First, beyond the political drama of COP26, there is some accuracy to statements that China’s approach to climate change lacks the necessary sense of urgency. Granted, this goes beyond ecological civilization or the specifics of China’s national plans and net-zero carbon strategy. Instead, this is also a matter of ontological approach. “A hundred years,” Chinese commentators are often keen on saying, “is just the blink of an eye.” The reference, of course, is to China’s millennia-old history and claims to superior capacity in playing the long game. Yet, there is no long game when a “ghastly” mass extinction of species is on the horizon. If the Chinese government is serious in addressing biodiversity issues along with its regional and local partners, it needs to start from the premise that time is running out.

Second, keen on upholding principles of sovereignty and non-interference, Beijing often approaches environmental conflicts with an assertion that China respects “the will of the people” and adheres to domestic legislative processes. Yet, it is often unclear who “the people” are and whether their interests align with a purported vision of green development and sustainability. A case in point is the often-cited flagship BRI construction of a hydropower plant in Batang Toru, Indonesia. Among many controversies associated with the project is the claim that the construction endangers the livelihood of the last remaining species of a rare orangutan. What is often not commented on is that local communities and various groups are split in their opinion – some supporting the construction, while others opposing it. And this is just one of the many cases where both notions on “the will of the people” and the expectation that local communities would become “land protectors” set an entirely unrealistic platform for either consultation or resolution of environmental and development challenges on the ground.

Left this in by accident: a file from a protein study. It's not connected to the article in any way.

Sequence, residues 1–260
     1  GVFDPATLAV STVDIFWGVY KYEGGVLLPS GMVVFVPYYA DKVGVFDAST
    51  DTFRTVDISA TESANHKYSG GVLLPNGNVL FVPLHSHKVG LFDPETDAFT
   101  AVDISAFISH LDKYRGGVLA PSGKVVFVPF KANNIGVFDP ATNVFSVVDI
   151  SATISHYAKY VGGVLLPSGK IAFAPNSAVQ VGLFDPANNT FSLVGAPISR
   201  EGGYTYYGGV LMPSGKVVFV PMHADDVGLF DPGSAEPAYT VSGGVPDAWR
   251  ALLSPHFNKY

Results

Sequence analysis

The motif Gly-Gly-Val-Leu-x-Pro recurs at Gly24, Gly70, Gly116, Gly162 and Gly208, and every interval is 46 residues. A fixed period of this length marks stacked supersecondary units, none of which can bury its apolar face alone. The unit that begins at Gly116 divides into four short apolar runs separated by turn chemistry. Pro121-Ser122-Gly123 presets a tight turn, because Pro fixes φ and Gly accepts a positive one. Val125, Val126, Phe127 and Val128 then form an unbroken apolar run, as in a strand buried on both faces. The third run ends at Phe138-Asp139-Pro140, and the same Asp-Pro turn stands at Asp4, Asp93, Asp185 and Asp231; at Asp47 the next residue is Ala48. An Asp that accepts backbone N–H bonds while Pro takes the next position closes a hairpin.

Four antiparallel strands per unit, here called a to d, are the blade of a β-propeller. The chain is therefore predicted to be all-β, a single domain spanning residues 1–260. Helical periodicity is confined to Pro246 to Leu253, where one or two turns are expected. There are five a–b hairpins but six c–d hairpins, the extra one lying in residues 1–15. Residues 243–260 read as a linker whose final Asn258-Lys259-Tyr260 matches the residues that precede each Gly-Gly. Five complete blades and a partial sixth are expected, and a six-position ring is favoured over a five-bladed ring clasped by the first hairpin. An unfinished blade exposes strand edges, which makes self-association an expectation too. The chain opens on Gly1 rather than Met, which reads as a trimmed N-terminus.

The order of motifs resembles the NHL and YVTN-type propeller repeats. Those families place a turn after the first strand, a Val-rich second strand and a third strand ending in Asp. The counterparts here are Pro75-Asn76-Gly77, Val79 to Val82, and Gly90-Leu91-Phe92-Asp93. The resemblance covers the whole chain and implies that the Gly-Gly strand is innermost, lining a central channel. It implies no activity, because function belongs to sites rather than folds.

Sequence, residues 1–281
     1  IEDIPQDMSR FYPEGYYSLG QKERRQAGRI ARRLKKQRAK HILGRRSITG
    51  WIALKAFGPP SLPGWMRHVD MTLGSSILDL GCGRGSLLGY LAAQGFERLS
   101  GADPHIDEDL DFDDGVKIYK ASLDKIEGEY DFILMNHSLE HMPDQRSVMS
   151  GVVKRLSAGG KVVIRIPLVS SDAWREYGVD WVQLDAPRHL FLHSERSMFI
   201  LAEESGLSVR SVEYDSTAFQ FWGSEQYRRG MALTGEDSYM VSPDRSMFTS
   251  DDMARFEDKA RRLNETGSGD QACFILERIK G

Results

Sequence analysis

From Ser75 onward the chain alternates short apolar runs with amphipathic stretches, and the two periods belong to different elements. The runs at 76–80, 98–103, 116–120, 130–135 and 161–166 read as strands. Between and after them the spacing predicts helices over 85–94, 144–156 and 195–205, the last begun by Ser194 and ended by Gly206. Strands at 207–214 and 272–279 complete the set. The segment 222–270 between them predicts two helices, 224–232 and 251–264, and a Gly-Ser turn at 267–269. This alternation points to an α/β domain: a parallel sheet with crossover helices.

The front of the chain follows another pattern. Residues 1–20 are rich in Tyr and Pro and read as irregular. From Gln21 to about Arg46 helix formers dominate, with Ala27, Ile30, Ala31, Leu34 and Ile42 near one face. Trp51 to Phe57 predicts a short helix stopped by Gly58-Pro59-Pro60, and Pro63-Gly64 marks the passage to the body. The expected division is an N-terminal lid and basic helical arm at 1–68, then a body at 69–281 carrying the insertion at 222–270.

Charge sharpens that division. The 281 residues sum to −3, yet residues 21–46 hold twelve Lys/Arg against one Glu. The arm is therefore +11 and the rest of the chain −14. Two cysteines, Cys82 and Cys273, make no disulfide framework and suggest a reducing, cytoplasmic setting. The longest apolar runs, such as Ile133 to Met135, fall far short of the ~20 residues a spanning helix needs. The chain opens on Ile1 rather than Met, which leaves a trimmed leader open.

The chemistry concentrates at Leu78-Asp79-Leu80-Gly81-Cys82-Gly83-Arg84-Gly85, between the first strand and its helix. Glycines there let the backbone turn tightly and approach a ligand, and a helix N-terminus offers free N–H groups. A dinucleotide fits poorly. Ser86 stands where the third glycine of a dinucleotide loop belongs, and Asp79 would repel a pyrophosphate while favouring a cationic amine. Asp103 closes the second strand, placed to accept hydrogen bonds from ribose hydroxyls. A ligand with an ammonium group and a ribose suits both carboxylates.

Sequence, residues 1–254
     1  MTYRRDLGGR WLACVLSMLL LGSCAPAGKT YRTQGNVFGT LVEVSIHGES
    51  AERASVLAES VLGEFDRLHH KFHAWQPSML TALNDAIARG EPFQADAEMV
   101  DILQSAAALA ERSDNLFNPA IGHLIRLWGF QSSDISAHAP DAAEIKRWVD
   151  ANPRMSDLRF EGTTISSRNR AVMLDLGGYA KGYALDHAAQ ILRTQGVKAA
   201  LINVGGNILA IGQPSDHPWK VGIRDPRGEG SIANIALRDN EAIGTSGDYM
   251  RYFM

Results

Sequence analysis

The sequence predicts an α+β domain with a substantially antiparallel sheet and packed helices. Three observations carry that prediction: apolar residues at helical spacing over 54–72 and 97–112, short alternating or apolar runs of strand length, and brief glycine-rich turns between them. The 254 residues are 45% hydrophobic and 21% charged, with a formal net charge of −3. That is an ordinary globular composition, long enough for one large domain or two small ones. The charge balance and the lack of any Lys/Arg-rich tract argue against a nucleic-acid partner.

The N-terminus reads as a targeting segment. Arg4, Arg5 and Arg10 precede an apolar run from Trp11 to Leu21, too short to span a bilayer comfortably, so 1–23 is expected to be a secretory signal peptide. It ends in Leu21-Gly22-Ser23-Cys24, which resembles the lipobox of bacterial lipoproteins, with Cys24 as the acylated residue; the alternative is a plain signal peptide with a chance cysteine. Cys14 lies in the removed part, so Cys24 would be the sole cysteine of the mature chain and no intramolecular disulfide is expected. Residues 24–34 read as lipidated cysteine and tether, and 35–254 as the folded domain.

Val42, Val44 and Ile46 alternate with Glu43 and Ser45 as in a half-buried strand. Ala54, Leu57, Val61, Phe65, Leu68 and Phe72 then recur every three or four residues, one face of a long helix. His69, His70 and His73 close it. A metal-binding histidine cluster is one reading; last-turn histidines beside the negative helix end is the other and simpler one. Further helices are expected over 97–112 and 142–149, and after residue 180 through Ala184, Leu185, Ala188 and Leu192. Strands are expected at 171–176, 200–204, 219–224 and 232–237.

One way to resolve this conundrum is to keep Beijing accountable for its own vision on the unity between mankind and nature. In other words, instead of dismissing Beijing’s ideology as empty propaganda, the language of ecological civilization can be leveraged to interrogate Chinese actors’ willingness to enact this vision on the ground. In places, such as Batang Toru, where fragile ecosystems are harmed, upholding the standard of “unity between nature and mankind” might be a better starting point than “the will of the people.”